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Intra-Patient Deformable Image Registration Uncertainties Quantified Using the Distance Discordance Metric

Z Saleh

Z Saleh1*, M Thor1 , A Apte1 , G Sharp2 , L Muren3 , J Deasy1 , (1) Memorial Sloan Kettering Cancer Center, New York City, New York, (2) Massachusetts General Hospital, Boston, MA, (3) Aarhus University Hospital, Aarhus, Denmark,


SU-E-J-159 Sunday 3:00PM - 6:00PM Room: Exhibit Hall

The quantitative evaluation of deformable image registration (DIR) is currently challenging due to lack of a ground truth. In this study we test a new method proposed for quantifying multiple-image based DIR-related uncertainties, for DIR of pelvic images.

19 patients were analyzed, each with 6 CT scans, who previously had radiotherapy for prostate cancer. Manually delineated structures for rectum and bladder, which served as ground truth structures, were delineated on the planning CT and each subsequent scan. For each patient, voxel-by-voxel DIR-related uncertainties were evaluated, following B-spline based DIR, by applying a previously developed metric, the distance discordance metric (DDM; Saleh et al., PMB (2014) 59:733). The DDM map was superimposed on the first acquired CT scan and DDM statistics were assessed, also relative to two metrics estimating the agreement between the propagated and the manually delineated structures.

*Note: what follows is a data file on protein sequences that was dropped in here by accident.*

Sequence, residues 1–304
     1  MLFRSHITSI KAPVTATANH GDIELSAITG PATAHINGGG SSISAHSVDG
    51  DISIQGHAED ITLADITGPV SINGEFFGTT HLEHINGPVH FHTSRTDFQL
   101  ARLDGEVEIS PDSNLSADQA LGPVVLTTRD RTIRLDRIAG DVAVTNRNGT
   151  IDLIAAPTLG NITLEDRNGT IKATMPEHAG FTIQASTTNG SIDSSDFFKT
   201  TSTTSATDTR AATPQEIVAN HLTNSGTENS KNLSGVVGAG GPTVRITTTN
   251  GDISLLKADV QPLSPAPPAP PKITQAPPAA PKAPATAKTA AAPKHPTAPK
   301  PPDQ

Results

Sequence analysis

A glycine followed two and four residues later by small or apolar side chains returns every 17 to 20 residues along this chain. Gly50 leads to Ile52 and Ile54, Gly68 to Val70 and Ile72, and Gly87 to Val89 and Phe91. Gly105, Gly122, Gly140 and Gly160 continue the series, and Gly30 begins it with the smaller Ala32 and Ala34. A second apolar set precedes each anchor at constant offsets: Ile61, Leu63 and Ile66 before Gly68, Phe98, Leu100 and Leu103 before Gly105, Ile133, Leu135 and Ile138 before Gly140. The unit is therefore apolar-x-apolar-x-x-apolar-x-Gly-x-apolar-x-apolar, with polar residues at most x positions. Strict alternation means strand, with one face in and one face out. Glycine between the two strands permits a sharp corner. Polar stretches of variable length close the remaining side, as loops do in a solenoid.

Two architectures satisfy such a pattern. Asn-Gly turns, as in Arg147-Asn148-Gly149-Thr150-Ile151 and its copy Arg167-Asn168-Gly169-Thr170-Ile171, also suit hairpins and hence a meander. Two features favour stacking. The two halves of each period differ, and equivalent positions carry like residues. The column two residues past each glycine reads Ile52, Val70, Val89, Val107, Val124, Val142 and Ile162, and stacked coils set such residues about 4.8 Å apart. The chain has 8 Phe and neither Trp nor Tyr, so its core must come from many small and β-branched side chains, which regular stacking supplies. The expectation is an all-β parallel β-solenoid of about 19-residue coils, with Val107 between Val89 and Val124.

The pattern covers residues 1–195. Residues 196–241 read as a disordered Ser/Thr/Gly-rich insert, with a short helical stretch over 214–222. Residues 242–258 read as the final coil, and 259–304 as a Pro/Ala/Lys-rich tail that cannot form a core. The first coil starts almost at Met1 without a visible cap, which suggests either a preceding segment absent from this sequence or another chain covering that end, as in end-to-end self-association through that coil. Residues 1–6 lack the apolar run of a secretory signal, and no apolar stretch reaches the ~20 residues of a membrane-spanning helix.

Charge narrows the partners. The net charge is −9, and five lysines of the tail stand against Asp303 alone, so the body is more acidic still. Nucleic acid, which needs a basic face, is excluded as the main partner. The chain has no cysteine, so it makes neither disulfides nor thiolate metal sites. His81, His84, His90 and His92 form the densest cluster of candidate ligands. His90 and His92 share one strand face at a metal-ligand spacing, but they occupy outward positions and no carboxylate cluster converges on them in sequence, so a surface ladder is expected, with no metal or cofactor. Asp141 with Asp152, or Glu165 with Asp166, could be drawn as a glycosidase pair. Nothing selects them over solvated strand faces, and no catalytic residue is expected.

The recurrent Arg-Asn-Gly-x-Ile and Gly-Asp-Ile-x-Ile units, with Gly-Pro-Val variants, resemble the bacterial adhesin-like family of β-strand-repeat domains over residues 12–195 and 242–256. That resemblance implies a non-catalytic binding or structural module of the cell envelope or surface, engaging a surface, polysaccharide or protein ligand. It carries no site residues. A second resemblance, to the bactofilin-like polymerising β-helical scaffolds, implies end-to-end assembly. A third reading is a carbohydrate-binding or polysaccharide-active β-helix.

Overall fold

The highest DDM values which correspond to greatest spatial uncertainties were observed near the body surface and in the bowel due to the presence of gas. The mean rectal and bladder DDM values ranged from 1.1-11.1 mm and 1.5-12.7 mm, respectively. There was a strong correlation in the DDMs between the rectum and bladder (Pearson R = 0.68 for the max DDM). For both structures, DDM was correlated with the ratio between the DIR-propagated and manually delineated volumes (R = 0.74 for the max rectal DDM). The maximum rectal DDM was negatively correlated with the Dice Similarity Coefficient between the propagated and the manually delineated volumes (R= -0.52).

The multiple-image based DDM map quantified considerable DIR variability across different structures and among patients. Besides using the DDM for quantifying DIR-related uncertainties it could potentially be used to adjust for uncertainties in DIR-based accumulated dose distributions.

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